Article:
Claryce died a few months after Sami and Mona divorced. Plaintiff, acting in her capacity as personal representative of Claryce's estate, subsequently initiated this financial elder-abuse litigation.

Plaintiff first claimed that Sami and Mona both had financially abused Claryce in violation of ORS 124.110. Those elder-abuse claims went to trial, and the jury determined that Sami had wrongfully taken or appropriated $265,000 of Claryce's money or property. The jury rejected plaintiff's claim that Mona had directly abused Claryce, but it found that she had “permit[ted] Sami El–Tobgy to engage in financial elder abuse knowingly or fail[ed] to act under circumstances in which a reasonable person should have known of financial abuse,” making her liable under ORS 124.100(5). The jury awarded plaintiff $125,000 in damages resulting from what Mona calls that “bystander liability.” The trial court trebled the elder-abuse damages as required by ORS 124.100(2)(a). Accordingly, the general judgment awards plaintiff $795,000 against Sami and $375,000 against Mona for their violations of the elder-abuse statutes, plus prejudgment interest on the nontrebled amounts.

After the jury returned its verdicts on the elder-abuse claims, the trial court considered plaintiff's second claim, in which she sought relief under the Uniform Fraudulent Transfer Act (UFTA). Plaintiff explained that she did not allege additional damages under the UFTA; rather, she viewed that claim as providing a means by which she could recover the damages associated with the elder-abuse claims. The trial court found that Mona and Sami had assets totaling about $1.6 million before their divorce, most of which had gone to Mona under the stipulated dissolution judgment. The court also found that Sami had transferred about $600,000 of those assets to Mona “with a specific intent to defraud the potential creditors around him” and determined that the “appropriate remedy for that fraudulent conveyance was entry of judgment in favor of Plaintiff and against Mona El–Tobgy in the amount of $600,000.”

The trial court entered a general judgment reflecting the verdicts and plaintiff's acknowledgment that (1) Mona's elder-abuse liability was essentially derivative of Sami's and (2) the UFTA judgment should void the fraudulent transfer of assets to Mona only to the extent necessary to satisfy defendants' elder-abuse liability to plaintiff. Accordingly, the general judgment provides that—“[n]otwithstanding the multiple money awards entered against Defendants”—plaintiff is not “entitled to collect more than the total sum of $795,000” plus interest, costs, and attorney fees. A supplemental judgment awards plaintiff nearly $110,000 in attorney fees and costs.

Mona filed cross-claims against Sami, and the judgment reflects that Sami “conceded his liability to [Mona] on her cross-claims for common-law indemnity and contribution.” The court entered judgment in favor of Mona and against Sami for the total amount that Mona was required to pay plaintiff, plus interest, less any amounts that Sami paid plaintiff directly. Sami's liability to Mona is not at issue in this appeal.

Mona initially raised six assignments of error on appeal, but she abandoned the second assignment of error in her reply brief and we reject most of her remaining arguments without discussion. We write primarily to address Mona's contention that the trial court erred in holding that Sami fraudulently transferred assets to her in their divorce. In that regard, Mona first focuses on the trial court's finding that only Sami, not Mona, acted with fraudulent intent when they stipulated to the division of marital assets. According to Mona, that finding equates to a determination that she and Sami divorced in good faith, i.e., that the divorce itself “was not a sham.” In light of that determination, Mona argues, the trial court could not properly conclude that the concomitant allocation of assets involved a fraudulent transfer. In other words, Mona argues that—as a matter of law—the transfer of assets during a divorce can violate the UFTA only if the divorce itself is fraudulent. We disagree.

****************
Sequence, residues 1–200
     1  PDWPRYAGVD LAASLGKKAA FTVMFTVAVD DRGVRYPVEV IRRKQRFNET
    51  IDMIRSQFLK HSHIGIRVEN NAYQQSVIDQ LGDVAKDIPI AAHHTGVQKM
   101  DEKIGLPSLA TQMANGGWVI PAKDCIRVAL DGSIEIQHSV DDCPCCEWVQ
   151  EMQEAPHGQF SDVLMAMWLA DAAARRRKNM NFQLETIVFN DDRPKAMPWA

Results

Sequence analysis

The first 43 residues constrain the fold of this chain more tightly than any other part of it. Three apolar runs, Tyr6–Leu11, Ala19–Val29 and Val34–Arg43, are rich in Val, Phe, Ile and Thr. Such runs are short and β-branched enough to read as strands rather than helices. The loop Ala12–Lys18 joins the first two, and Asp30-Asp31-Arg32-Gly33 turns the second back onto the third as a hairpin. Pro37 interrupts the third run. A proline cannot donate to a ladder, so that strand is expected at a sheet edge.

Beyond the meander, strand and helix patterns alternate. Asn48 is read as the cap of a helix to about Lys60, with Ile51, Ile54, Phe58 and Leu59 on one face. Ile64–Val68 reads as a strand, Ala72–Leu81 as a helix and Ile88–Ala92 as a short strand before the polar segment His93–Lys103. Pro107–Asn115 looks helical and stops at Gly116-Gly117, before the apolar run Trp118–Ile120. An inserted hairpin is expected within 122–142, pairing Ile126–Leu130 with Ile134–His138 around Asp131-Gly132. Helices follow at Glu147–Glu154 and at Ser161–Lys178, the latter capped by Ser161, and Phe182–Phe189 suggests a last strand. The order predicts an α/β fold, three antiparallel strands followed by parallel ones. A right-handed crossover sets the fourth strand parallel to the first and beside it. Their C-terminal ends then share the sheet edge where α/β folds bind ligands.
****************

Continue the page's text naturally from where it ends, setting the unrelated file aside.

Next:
A marriage-dissolution judgment may be collaterally attacked on the basis of extrinsic fraud. Greeninger v. Cromwell, 140 Or.App. 241, 246–47, 915 P.2d 479, rev. den.,

323 Or. 690, 920 P.2d 549 (1996). “Extrinsic fraud consists of collateral acts not involved in the fact finder's consideration of the merits of the case” that resulted in the challenged judgment. Johnson v. Johnson, 302 Or. 382, 384, 730 P.2d 1221 (1986). Thus, a creditor may collaterally challenge a dissolution judgment on the ground that it resulted in a fraudulent transfer of assets from a debtor to his or her former spouse. Greeninger, 140 Or.App. at 246–47, 915 P.2d 479. When that type of attack succeeds, however, it “does not necessarily affect the other portions of the dissolution judgment.” Id. at 247 n. 4, 915 P.2d 479. For example, the relief available under the UFTA may be limited to “ ‘[a]voidance of the transfer or obligation to the extent necessary to satisfy the creditor's claim.’ ” Id. (quoting ORS 95.260(1)(a)). The collateral attack need not affect—and perhaps never would affect—the portion of the challenged judgment that dissolved the marriage itself.

Because that type of collateral attack voids only a fraudulent asset transfer, not the dissolution of the marriage, the UFTA claim can proceed without regard to whether the divorce was fraudulent or a sham. A couple may legitimately wish to dissolve their marriage, yet still act unlawfully by agreeing to divide their assets in a way that shields those assets from one spouse's creditors. The couple's mutual desire to divorce does not entitle either spouse to engage in that kind of fraudulent activity. Thus, even assuming that the trial court implicitly found that Sami and Mona's divorce was not itself a sham, the trial court still could properly find that Sami acted with fraudulent intent when he agreed to transfer the bulk of the marital property to Mona.